There are three dates embedded in our national consciousness: Dec. 7, 1941, Sept. 1, 2011 and June 6, 1944 — the day of the invasion of Normandy by Allied forces seeking a foothold on the European continent in order to conquer Adolf Hitler’s Germany. Today is the 70th anniversary of that colossal event, the largest seaborne invasion in history. Twenty-two American divisions took part out of a total of 39. British, Canadian, Polish and French made up the rest. There were 12,000 casualties that first day, with 4,4l4 confirmed killed. The beaches were Utah, Omaha, Gold, Juno and Sword.
Among those landing on Omaha Beach that morning, around 8 a.m., between the first wave and the second was Staff Sgt. Walter Ehlers of Manhattan, Kansas, and his squad of 12 green troopers. On another ship, his brother Roland awaited his turn to hit the beach. “We landed out there in the water,” Ehlers told me, “and waded into shore amongst all the guys on the beach. We went around and up and through them and got up to the last rolls of barbed wire. We had to have it blown... The first wave suffered fifty percent casualties... they don’t talk about it but they put us on the assault boats because they wanted more people on the beach immediately... If you’ve ever seen the opening of the movie “Saving Private Ryan,” well, the scene you saw there in real life was about 60 times worse than the scene in the movie.
“Some companies were completely wiped out. When we headed in, we hit a sandbar before we got to the beach part ... and we go out into water that’s over the heads of the short guys. It went over the head of my second in command, I forget his name, but I had to drag him along. I got him so his feet touched the sand, and he could get his head above water, and we waded in.
“There were guys laying on the beach. Bodies, guys hanging onto beach obstacles, and there were bullets coming around overhead. And the guys wanted to dig in on the beach, and they were trying to dig in, and I said, ‘Come on, you got to go! We can’t stop here. We got to keep going.’ I always led my squad. I always had them follow me. Of course, I had all new men. They didn’t know anything about fighting in combat.” Going up the beach, not one of them suffered so much as a scratch.
Two hours later, Walter’s brother, Roland, did not survive the landing. “His whole squad was caught when the ramp went down,” Ehlers said. “They all got wounded or killed.”
Eight miles inland, three days later, on June 9 and 10, fighting in the hedgerows near Goville, Sgt. Ehlers performed the actions that led to his being awarded the Medal of Honor, the nation’s highest award for valor in combat. Months later, fighting in Germany, he was awarded the Silver Star. He also received three bronze stars and three Purple Hearts. He was a one-man wrecking crew.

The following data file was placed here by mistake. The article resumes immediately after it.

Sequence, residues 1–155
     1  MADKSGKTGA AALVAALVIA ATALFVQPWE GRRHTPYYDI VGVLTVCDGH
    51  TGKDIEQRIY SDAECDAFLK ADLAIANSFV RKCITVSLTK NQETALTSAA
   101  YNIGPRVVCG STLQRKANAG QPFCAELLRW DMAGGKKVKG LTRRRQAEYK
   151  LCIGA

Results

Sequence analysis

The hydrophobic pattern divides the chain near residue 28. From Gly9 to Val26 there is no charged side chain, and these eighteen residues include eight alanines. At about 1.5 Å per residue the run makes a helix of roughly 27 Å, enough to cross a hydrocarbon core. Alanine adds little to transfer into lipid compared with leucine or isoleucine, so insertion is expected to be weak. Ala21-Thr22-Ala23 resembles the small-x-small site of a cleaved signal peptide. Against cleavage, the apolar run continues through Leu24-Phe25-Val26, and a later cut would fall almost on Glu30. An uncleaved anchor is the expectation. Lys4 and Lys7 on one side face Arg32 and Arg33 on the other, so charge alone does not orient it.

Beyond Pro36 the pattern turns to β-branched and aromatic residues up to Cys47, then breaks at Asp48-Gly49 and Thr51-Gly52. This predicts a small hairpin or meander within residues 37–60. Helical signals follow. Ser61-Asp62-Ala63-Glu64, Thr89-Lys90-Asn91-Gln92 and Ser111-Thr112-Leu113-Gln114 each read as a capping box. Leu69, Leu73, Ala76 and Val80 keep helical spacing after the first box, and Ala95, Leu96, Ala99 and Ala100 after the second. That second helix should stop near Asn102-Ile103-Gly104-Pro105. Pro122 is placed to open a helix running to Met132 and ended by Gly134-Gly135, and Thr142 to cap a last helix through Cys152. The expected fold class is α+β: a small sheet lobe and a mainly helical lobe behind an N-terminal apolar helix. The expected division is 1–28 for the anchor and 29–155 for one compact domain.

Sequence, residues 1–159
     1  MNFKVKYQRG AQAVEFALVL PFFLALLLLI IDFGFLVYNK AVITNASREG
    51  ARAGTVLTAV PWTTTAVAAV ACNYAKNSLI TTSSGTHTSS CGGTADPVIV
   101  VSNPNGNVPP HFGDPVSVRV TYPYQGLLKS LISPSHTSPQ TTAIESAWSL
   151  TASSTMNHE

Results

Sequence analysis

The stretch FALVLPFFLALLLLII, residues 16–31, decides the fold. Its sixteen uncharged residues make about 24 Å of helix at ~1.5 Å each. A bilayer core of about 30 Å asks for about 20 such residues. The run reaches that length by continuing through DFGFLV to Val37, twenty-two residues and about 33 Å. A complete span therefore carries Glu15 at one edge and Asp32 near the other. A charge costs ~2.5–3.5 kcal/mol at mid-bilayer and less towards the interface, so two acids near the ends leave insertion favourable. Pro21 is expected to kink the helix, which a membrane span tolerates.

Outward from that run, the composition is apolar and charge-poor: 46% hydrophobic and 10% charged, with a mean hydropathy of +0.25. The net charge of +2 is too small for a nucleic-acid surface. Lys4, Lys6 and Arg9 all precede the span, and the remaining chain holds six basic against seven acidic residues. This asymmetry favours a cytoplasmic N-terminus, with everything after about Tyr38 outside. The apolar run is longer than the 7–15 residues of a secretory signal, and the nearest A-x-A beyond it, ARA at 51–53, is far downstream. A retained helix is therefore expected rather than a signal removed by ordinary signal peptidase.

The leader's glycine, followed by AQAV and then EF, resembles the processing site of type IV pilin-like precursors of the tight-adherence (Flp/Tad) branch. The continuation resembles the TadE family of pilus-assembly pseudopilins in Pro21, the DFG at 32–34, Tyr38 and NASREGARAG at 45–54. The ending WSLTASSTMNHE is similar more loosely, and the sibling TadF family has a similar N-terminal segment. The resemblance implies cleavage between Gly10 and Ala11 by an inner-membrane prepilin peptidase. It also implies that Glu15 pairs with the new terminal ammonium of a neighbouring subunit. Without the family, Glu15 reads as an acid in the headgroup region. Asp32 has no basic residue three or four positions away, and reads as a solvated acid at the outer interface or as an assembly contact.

I interviewed Ehlers in January 2002 for “Beyond Glory — Medal of Honor Heroes in Their Own Words.” Published in 2003 by W.W. Norton. One of 23 Medal recipients from World War II, Korea and Vietnam featured in the book, Walter Ehlers was a delightful man. He died only last Feb. 20 at age 92.
In 1994, on the 50th anniversary of the invasion, he went to France and gave the main address at Omaha Beach. “There was a microphone out here in the middle of this field, and of course I had a general escorting me.”
Walter and his daughter wrote his speech, reproduced at length at the end of his chapter in “Beyond Glory.” Here are a few excerpts:
“The world changed on June 6, 1944, the day the good guys took charge again. It did not mean peace, but it marked the stand for freedom that would continue through the Korean War. The Vietnam conflict, the fall of the Berlin Wall, and the Allied containment of Iraq... We fought to preserve what our forefathers had died for. We picked up our guns to protect our faith, to preserve our liberty. Our purpose went well beyond aiding our allies as they faced the German blitz. It was to save our way of life, for our parents and siblings at home, for our children, and the children we hoped to have, and for their children.
“We must not forget, however, what this freedom cost. We earned that security with our sweat and our blood, some of us with our lives. Much of it was earned right here in Normandy. Many of those who enjoy freedom know little of its price... This anniversary must be not only a remembrance, but a new beginning. Many of us still live with D-Day but never talk about it... I pray that the price we paid on this beach will never be mortgaged, that my grandsons and granddaughters will never face the terror and horror that we faced here. But they must know that without freedom, there is no life, and that the things most worth living for sometimes may demand dying for.
“Today, 50 years later, the beaches are quiet. We come back to mourn our losses, and to celebrate our success. Our presence here commemorates our and our comrades’ lives, and it validates the sacrifices we all made on D-Day.
“That wave (from Roland) in Southampton, England, was the last time I saw my brother. He died here, on Omaha Beach. That we can be here today proves that it was not in vain.”
On a bluff overlooking Omaha Beach stands a sea of white crosses. Nine thousand three hundred and eighty seven Americans lie there.
Larry Smith’s “Beyond Glory — Medal of Honor Heroes in Their Own Words;” “The Few and the Proud — Marine Corps Drill Instructors in Their Own Words;” and “Iwo Jima — World War II Veterans Remember the Greatest Battle of the Pacific,” are all available in paperback from W.W. Norton. Smith and his wife Dorothea have been coming to Block Island since 1972. They live on Corn Neck Road.